Need help with cam positioning


26 replies to this topic
  • grayracer513

Posted August 03, 2011 - 01:27 PM

#21

That was pretty much explained to the OP in post 2 by Gray.

I've never been certain that he understood it entirely, either.

  • upthemaiden

Posted August 03, 2011 - 07:56 PM

#22

I didn't understand why you were saying it at first, but I think I see why it affects things now. If someone with a kickstart bike can answer these questions I think it'll help me understand how it affects a bike more.

When you kickstart a properly functioning bike, how far does the kickstart lever go? Will it go all the way down until it hits the footpeg, or will it stop on it's own above that? (assuming you already followed the steps of pushing the lever until it stops from compression, pulling the decomp lever, moving the kickstart lever slightly further, and only then kicking it)

and...

If you took the same properly functioning bike, disconnected the electrical to the spark plug and tried to kick it over, would it feel the same, or would it be more likely to stop earlier because it wouldn't have the ignition to push the piston on the downstroke, to help make the compression stroke easier?

I guess I assumed that spark or no spark, kicking the bike would still feel exactly the same, just with different end results of either the bike starting or not. I never noticed a difference when I'd forget to turn the power switch on, which was keeping the spark plug from igniting. I'll pull the plug as soon as I get home from work tomorrow and make sure it has spark.

Edited by upthemaiden, August 04, 2011 - 03:20 AM.


  • upthemaiden

Posted August 04, 2011 - 03:17 PM

#23

Just an update, my bike is getting spark, if that means anything to you guys

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  • banda

Posted August 05, 2011 - 09:27 AM

#24

Spark or not, the feel at the kick start lever is not affected.

However, the kick start lever does not turn the crank though 2 full revolutions in a single stroke, so whether or not you reach peak compression in one stab at the kick starter depends on where the crank was when you kicked.

The normal starting procedure begins with working the kick start lever slowly as many strokes as it takes to reach peak compression. Might be two strokes, might be a quarter of a stroke. Then you return the lever to the top, pull the compression release, and push the piston gently past TDC with the kick start lever. Then return the lever to the top again, let go the compression release, and kick it hard to start it.

  • grayracer513

Posted August 05, 2011 - 11:34 AM

#25

The normal starting procedure begins with working the kick start lever slowly as many strokes as it takes to reach peak compression. Might be two strokes, might be a quarter of a stroke. Then you return the lever to the top, pull the compression release, and push the piston gently past TDC with the kick start lever. Then return the lever to the top again, let go the compression release, and kick it hard to start it.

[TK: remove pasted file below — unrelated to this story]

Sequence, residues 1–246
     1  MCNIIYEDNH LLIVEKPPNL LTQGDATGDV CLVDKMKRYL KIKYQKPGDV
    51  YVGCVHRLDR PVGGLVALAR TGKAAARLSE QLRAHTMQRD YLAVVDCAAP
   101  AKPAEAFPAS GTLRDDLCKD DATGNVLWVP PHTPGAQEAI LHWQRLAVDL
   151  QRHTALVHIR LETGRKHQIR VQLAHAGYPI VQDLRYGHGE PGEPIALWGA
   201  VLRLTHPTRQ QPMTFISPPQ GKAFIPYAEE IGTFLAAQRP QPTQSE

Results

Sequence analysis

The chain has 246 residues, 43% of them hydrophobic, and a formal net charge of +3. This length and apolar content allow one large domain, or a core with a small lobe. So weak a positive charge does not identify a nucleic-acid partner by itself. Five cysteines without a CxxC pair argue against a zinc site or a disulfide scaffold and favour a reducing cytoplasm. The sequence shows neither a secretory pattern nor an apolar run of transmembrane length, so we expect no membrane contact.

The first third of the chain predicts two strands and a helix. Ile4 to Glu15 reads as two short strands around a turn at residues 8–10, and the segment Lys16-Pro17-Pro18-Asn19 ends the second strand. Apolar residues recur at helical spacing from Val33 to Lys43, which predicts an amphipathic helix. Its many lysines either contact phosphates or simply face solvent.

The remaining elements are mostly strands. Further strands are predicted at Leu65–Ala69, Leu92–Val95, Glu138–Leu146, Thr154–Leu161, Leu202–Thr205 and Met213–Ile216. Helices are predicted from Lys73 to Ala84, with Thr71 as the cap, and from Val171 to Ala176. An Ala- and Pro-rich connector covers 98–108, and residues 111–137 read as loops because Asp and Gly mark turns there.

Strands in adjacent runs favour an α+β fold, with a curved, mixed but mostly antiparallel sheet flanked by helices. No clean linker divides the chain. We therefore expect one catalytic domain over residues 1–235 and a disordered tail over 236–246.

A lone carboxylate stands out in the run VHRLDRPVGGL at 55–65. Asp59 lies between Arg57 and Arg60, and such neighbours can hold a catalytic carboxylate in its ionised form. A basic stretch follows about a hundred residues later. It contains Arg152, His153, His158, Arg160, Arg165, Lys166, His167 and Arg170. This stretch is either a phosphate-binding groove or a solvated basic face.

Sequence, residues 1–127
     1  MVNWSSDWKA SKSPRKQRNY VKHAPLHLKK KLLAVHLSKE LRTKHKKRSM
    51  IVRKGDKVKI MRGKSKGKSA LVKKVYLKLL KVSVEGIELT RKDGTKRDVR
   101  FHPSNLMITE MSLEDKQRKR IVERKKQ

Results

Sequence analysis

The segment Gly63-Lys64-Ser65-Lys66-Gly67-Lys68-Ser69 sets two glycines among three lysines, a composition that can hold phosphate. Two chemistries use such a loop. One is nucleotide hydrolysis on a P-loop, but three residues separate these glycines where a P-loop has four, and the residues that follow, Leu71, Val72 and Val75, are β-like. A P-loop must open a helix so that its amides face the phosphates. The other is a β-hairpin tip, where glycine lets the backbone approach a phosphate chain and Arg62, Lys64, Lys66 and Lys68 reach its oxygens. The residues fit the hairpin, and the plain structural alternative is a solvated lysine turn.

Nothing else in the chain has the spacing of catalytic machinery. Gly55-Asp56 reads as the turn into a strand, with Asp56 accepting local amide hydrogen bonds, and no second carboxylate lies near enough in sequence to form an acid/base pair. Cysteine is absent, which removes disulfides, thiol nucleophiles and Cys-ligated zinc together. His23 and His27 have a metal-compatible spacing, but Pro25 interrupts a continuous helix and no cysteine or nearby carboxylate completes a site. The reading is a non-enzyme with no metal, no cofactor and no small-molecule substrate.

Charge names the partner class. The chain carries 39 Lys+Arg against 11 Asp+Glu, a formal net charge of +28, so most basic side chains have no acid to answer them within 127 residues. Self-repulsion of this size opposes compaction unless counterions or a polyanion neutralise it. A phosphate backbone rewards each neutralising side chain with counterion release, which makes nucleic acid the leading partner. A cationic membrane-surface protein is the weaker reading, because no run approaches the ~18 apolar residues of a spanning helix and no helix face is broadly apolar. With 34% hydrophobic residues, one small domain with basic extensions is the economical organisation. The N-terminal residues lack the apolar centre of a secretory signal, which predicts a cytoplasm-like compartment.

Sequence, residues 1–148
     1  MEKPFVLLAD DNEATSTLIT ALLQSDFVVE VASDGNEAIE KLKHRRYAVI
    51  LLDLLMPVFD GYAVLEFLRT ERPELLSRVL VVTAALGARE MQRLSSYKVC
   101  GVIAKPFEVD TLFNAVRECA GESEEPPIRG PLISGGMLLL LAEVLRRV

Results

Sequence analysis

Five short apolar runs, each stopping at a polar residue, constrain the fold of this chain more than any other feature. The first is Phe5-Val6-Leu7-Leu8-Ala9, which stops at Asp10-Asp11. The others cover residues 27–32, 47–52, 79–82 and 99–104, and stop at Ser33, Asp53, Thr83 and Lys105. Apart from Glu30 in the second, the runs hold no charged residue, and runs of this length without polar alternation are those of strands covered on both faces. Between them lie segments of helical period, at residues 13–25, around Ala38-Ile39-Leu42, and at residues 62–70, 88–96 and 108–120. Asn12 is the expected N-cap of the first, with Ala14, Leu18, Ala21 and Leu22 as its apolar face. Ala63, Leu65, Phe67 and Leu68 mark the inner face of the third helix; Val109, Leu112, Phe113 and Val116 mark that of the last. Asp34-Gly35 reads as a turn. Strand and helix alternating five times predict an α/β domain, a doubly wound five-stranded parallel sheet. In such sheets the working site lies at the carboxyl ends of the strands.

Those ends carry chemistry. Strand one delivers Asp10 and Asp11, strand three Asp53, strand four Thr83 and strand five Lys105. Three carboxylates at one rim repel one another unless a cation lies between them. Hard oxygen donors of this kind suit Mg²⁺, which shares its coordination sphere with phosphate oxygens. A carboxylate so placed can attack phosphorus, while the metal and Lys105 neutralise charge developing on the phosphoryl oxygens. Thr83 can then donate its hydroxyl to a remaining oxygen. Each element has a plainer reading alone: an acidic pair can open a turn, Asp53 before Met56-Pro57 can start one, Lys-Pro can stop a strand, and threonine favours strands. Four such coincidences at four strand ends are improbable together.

The portion in bold is wrong. The correct procedure as outlined in the video I posted by Doug Dubach is to find compression by pushing the lever until solid resistance is felt, as you said. That is start of the compression stroke. From that point, the release lever is pulled and the starter advanced about one more inch. The point of this is actually to AVOID going past TDC. Instead, the piston is moved a little closer to TDC, not past it, and not past the point before TDC where the spark occurs. That way, the starting kick drives the piston the rest of the way up through the reduced compression stroke, past the ignition point, and fires it.

TDC is top dead center, where the piston reaches its highest point in the bore. If you go past it, you have gone past the point where the spark occurs, and past all of the compression stroke, and there's no chance at all that the engine will start.

You can feel where TDC is if you force the starter through compression; as you push the piston up against the pressure, there is a short little spot where the resistance disappears and the lever jumps forward a bit until the resistance comes back. That little easy spot is TDC, and the resistance after it is the result of trying to force the piston down against a vacuum through the power stroke.

As you pointed out, the engine only goes a little farther than one full revolution with each kick, so if you go just past TDC, you can't kick it far enough to get to the next compression stroke, never mind through it. If you go far enough past the first compression stroke, you can drive the piston down the intake stroke and into the following compression stroke with the momentum of the crank behind you, and that was the way that old school thumpers with 50 pound crankshafts and much lower compression used to get started. It doesn't work with these new ones.

  • banda

Posted August 05, 2011 - 08:34 PM

#26

Thanks for spotting my error and clarifying. You have a gift for precise and meaningful explanation.

  • grayracer513

Posted August 06, 2011 - 06:31 AM

#27

That error is not only yours. It's extremely common these days to hear "TDC" used to describe the point where you feel the resistance from the compression stroke. But actual top dead center is something entirely different, and the use of the term in that way causes significant confusion.





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